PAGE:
Winning Over The Headhunters – Keys to Success with Rosemary Martin
BCKR recently welcomed lawyer and experienced Non Executive Rosemary Martin.
Alongside her role as General Counsel and Company Secretary at Vodafone, Rosemary sits on the board of HSBC Bank PLC (the European arm of the HSBC Group), is a member of the FSA’s Listing Authority Advisory Committee, is an advisory board member for the Oxford Internet Institute and has taken numerous charitable and fundraising roles alongside.
Here is a summary of what she had to share with us.
Rosemary began her career with a vague goal of being a partner by 30 and a GC by 40 but the way the jigsaw fitted together was driven by an element of chance thereafter. After securing partnership, she did an MBA in legal practice to see how to run law firms which made her disenchanted with her own firm, wanting to run it better. She decided to become a client to improve her understanding of what clients wanted. An opportunity came up at Reuters and she became their Deputy Company Secretary. Not a step down but the best move she made, and she achieved her goal of becoming Company Secretary by 40.
She has been in the board room now for 25 years, so has seen how things work. As GC she was responsible for insurance, overseeing nom com and internal audit, running the Reuters charity and other elements all of which helped her CV and experience for varied NED roles. When Thomson merged with Reuters and effectively got a Canadian head office, Rosemary stepped away – after 11 years. Her next challenge was to be CEO of Practical Law Company, and the CEO title has again helped her NED journey significantly.
While at Reuters, Rosemary was asked to joining the HSBC European Bank board. This came about because she had sat on a (rather dull) regulatory working committee with Douglas Flint who asked her directly. Rosemary served on bank’s board for 11 very interesting years, all through the financial crisis and beyond.
An NHS Trust plus the Legal Services Board were then added to her portfolio and which were both fulfilling and interesting, albeit frustrating roles. These roles gave her great insight into the complexity of working in the public sector. These types of role, if you are interested and have time, are incredibly fulfilling. However, Rosemary had to drop them when taking on Vodafone.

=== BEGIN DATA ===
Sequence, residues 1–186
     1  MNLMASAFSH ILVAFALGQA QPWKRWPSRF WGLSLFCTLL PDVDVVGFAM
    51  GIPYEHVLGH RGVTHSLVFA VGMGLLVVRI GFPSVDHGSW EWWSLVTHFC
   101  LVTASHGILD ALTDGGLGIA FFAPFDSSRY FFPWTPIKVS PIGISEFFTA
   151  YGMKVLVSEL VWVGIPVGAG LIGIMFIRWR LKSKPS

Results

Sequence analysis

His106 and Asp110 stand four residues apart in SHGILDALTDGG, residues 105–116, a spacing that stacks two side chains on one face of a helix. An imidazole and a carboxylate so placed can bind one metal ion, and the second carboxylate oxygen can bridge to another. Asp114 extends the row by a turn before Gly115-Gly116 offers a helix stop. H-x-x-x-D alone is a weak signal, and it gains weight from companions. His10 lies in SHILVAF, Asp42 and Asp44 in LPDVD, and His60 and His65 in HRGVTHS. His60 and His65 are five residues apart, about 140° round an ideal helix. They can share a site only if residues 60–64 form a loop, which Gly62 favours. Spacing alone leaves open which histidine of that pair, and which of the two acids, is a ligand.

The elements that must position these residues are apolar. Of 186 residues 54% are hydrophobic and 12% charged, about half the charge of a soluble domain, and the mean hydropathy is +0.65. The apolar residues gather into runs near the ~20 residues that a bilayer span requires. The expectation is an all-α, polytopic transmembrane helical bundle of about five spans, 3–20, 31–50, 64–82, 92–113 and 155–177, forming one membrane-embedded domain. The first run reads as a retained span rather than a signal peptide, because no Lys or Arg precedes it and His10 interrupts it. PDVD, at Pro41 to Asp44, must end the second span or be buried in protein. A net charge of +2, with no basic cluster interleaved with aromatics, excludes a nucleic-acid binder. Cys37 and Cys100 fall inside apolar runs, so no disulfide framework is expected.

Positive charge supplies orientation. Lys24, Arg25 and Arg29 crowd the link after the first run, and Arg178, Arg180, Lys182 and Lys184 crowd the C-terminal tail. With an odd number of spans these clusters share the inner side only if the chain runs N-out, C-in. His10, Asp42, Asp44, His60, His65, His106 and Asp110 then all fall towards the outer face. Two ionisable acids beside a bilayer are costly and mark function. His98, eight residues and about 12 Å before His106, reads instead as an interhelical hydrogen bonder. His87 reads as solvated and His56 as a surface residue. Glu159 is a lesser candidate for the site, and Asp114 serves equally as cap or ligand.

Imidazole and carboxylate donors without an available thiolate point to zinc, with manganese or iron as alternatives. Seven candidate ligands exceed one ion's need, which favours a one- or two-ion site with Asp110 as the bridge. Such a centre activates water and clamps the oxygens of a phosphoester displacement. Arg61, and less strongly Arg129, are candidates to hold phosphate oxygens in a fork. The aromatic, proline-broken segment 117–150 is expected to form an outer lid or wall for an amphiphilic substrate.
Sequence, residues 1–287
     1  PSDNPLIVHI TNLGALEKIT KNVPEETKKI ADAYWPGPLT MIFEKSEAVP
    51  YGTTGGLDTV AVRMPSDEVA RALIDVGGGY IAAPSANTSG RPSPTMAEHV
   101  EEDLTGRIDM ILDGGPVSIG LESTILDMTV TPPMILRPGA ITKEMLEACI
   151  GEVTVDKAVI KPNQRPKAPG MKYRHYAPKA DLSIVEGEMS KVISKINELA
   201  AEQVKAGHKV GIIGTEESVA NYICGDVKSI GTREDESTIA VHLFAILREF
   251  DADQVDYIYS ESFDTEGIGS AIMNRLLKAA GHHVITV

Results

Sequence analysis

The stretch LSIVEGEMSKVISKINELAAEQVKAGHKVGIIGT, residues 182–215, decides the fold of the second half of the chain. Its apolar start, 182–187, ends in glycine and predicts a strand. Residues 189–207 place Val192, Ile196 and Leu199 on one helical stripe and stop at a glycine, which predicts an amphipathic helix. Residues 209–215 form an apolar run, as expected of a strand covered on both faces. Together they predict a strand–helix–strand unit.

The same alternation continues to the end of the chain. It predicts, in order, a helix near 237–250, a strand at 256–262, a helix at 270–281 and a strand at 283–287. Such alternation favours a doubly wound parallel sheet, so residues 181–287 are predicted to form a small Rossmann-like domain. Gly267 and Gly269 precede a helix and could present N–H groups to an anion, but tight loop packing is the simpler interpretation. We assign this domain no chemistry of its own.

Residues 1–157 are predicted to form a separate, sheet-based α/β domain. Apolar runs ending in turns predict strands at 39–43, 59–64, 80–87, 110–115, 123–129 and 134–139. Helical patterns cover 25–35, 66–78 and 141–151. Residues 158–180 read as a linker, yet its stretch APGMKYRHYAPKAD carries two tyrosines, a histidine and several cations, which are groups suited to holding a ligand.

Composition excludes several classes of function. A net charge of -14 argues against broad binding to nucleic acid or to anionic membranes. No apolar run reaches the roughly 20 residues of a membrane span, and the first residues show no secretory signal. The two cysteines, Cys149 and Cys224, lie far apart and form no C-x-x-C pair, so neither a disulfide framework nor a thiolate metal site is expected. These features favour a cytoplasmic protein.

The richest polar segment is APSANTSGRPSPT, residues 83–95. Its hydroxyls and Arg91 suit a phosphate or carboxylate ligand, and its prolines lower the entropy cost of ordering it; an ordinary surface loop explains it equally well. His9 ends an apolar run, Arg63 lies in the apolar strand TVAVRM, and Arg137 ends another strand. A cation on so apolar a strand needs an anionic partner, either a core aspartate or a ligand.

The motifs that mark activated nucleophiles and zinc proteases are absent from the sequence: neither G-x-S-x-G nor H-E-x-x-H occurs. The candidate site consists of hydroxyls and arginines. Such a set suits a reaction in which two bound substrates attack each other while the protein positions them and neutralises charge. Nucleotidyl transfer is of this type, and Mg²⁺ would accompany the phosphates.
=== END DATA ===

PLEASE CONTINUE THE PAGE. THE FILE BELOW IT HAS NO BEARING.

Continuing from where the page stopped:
Vodafone approached Rosemary when they were looking for a Company Secretary and GC. She has now been there now for 6 years. She attends the board and committee meetings and it has given her great insight into how big PLCs work.
Rosemary feels she has been very fortunate about how things panned out. Opportunities always seemed to have arisen that related back to things she had done. The kaleidoscope fits together in unexpected ways.
What are the benefits of NED roles? Constantly learning new things. It stimulates the grey cells. You get to meet interesting people. NED roles really enhance one’s ability to do the exec roles.
How do you get in? Get to know the headhunters; lawyers can find it tricky but need to sell themselves as business people since these skills are not recognised by the headhunters as being within the lawyer’s standard competencies; so play up what have you done as business people making your own businesses successful rather than the deals you have been involved with, which tends to be seen as a service – a helpful person on the side.
First of all think about how to get the headhunters to look at you in a different light. Headhunters are obstacles in the process, and don’t really understand lawyers.
Nomination committees’ thinking can be alarmingly shallow – she’s been quite surprised at the processes she’s observed. The mantra of a public fair process has been around for a while, so they bring along a headhunter. But the headhunters have limited briefs and use the same list again and again. The committee will have a (short or long) discussion on skills and experience that they are wanting on the board e.g. need a technology person, but when interviewed they get dismissed as too much in the weeds, so too often revert to the traditional list
She is surprised at how little younger lawyers invest in doing things outside their day jobs. The classic advice of building a network is good advice. Without the network it is hard to make inroads.
CEOs look for other chief execs to go on their board; P&L responsibility on your CV is useful; then finance and understanding numbers; lawyers come far down the list of perceived understanding and experience.
For top companies knowing people, and knowing people who know other people, is still very important – find opportunities to get to meet people through building your network – cold calling people at the top companies (e.g. Vodafone) won’t help much.
Have you found it difficult being the lawyer in the boardroom? Being a lawyer helped her confidence in being able to analyse the board papers, but that’s it. Once on the board no-one really recognises her as a lawyer. Be careful not to appear as a lawyer on the board.
How should you deal with areas of the business you don’t know about? Start with things you do know from the legal side e.g. people, strategy etc. and do that before venturing into the company’s specialist area e.g. the financial services element.
In summary: be realistic about your ambitions and manage your expectations. Smaller or unusual organisations may be more interesting than the FTSE100 roles